Increasing Life Expectancy
Higher life expectancy is one of the greatest achievements of our civilization. The United Nations estimates that the global population will rise by one-third between 2010 and 2050 to a total of 9.1 billion people. The proportion of people over 60 is set to treble from 760 million to 2 billion. On the down side, population aging is associated with an increase in age-related diseases, which puts an immense strain on healthcare systems.
There is also a higher demand for treatment of age-related neurodegenerative conditions such as Alzheimer’s disease. Market demand is still not being met by the treatments available today, which means huge unexplored markets are waiting to be tapped.
An unhealthy lifestyle and its consequences
Alongside population aging, another factor driving growth in the biotechnology industry is the global spread of the western lifestyle. In 2008, 1.4 billion people – and rising – were overweight, according to WHO estimates. Pathological overweight (obesity) causes metabolic syndrome, a cluster of conditions including type 2 diabetes, high blood pressure, hardening and narrowing of the arteries, and blood lipid abnormalities.
Friendly regulatory environment
The regulatory and political environment for biotechnology has seen a definite improvement on a global scale. The risk of clinical failures has declined as a result of more effective cooperation with regulatory bodies. In the US, receiving a so-called "priority designation" will shorten the drug review procedure by several months.
The GAIN Act for antibiotics and the Orphan Drug Act for rare diseases are good examples showing that regulatory incentives can have the effect of encouraging progress in certain therapeutic areas. Both pieces of legislation give companies longer market exclusivity and tax breaks, among other incentives. Similar legislation has now been passed in Asia and Europe, too.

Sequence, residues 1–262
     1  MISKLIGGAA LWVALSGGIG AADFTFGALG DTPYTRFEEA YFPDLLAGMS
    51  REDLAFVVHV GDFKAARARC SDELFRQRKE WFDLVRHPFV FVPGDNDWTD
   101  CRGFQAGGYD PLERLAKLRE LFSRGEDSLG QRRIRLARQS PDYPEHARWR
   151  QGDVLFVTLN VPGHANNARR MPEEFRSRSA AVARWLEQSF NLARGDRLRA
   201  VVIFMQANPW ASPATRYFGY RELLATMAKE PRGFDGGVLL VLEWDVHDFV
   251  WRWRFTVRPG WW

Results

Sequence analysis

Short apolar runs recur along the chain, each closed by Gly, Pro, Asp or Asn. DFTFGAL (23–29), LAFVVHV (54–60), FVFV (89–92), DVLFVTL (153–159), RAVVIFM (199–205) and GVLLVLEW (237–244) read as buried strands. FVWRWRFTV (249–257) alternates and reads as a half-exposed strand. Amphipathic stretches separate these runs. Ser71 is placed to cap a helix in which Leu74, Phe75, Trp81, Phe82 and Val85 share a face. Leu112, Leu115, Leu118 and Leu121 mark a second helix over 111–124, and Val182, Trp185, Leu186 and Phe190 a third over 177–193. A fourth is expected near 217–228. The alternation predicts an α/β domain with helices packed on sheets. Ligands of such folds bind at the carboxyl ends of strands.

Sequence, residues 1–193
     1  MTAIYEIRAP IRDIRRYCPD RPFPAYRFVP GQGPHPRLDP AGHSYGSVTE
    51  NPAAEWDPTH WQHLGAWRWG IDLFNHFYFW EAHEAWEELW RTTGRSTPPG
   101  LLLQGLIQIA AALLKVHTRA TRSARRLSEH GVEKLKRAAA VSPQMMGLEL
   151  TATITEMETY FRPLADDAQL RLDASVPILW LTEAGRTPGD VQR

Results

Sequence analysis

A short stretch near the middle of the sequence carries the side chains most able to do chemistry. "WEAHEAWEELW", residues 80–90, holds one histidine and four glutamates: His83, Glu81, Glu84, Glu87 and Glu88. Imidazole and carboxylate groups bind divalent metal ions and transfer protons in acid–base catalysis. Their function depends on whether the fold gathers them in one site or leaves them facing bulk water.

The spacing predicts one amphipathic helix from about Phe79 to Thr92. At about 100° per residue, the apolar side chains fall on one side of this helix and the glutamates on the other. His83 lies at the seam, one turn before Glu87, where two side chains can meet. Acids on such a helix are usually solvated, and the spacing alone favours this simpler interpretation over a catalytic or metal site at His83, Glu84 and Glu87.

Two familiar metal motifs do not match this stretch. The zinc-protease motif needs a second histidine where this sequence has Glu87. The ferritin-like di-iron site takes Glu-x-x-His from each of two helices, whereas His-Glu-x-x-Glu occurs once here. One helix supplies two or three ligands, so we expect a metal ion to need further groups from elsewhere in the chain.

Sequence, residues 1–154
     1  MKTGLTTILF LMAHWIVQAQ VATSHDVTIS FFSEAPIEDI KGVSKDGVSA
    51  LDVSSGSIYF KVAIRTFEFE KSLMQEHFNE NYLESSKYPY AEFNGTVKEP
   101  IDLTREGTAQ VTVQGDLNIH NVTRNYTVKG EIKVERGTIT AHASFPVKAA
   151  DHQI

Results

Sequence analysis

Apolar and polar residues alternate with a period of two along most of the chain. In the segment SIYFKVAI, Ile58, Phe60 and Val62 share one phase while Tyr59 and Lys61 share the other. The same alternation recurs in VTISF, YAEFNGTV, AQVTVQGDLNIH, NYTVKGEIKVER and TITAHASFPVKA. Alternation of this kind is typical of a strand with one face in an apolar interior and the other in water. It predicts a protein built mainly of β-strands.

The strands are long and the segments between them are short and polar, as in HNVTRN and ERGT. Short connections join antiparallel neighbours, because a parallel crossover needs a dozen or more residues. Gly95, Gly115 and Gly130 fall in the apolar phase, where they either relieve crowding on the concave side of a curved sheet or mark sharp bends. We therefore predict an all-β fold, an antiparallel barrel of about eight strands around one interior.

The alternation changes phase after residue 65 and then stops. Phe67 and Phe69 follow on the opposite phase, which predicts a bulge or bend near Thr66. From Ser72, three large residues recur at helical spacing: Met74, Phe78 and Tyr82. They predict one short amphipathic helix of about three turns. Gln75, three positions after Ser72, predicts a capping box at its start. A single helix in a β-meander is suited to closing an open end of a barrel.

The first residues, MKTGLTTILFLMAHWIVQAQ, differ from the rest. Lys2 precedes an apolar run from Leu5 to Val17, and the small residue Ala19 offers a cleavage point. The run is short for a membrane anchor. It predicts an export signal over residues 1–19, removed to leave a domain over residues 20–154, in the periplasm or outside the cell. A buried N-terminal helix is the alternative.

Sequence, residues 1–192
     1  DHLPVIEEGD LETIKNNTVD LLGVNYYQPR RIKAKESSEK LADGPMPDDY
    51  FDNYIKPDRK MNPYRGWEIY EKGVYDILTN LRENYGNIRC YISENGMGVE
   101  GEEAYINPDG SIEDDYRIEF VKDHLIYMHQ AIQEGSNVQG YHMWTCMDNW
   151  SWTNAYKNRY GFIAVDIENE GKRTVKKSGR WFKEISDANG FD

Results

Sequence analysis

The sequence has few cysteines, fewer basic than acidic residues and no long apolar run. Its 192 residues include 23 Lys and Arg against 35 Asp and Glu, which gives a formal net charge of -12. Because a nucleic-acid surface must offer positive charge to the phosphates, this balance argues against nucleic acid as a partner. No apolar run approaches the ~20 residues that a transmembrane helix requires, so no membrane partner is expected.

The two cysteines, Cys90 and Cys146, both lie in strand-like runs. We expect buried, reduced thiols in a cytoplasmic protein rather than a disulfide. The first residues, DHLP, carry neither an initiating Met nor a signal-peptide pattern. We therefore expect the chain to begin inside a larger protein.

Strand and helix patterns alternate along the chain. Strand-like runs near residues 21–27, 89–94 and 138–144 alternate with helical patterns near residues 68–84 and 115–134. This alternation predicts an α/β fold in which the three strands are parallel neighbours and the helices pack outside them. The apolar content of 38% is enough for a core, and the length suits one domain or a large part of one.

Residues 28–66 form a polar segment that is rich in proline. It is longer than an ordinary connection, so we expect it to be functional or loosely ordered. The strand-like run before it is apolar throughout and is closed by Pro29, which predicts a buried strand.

Although high drug prices continue to fuel political debate from time to time, it is clear that drug manufacturers need to cover their development costs and that, while new therapeutic approaches may put a strain on healthcare bills in the short term, they help to generate savings in the long term by replacing more expensive therapies.
The continuing importance attached to innovation in the US is also evident in the new PDUFA guidelines, PDUFA VI. The new law ensures the consistent funding of the FDA during fiscal years 2018–2022, enabling the agency to continue to bring important new medicines to the market. This regulatory environment is one reason why more than half of all new drugs now originate in biotech labs.
Even though the pandemic impacted the industry and regulatory authorities, 53 approvals were awarded in 2020, excluding emergency use authorizations such as those for SARS-CoV-2 vaccines. 2021 shall be no exception to this trend, with regulatory authorities continuing their COVID response but supporting innovative technology progress and clinical projects and by reviewing important registration filings.
Progress for the newest drug modalities will be a focal point for biotech investors in 2021 and beyond. With important and highly promising results presented in 2020, further proof for technologies such as gene editing, next generation gene therapy and cell therapy technologies are expected. Exemplary of such success is the gene editing treatment CTX001 by Crispr Therapeutics and Vertex to treat sickle cell and beta thalassemia patients. A one-time treatment, still a rather invasive procedure requiring transplantation so far has resulted in de facto functional cures in all treated patients. Increasing knowledge driving efficacy and maintaining a clean long term safety data will allow that the gene editing companies move from rare and severe diseases towards broader and large chronic diseases. To achieve this, further technological advancements are required to improve ease of use and administration routes, lower manufacturing costs and growing safety database.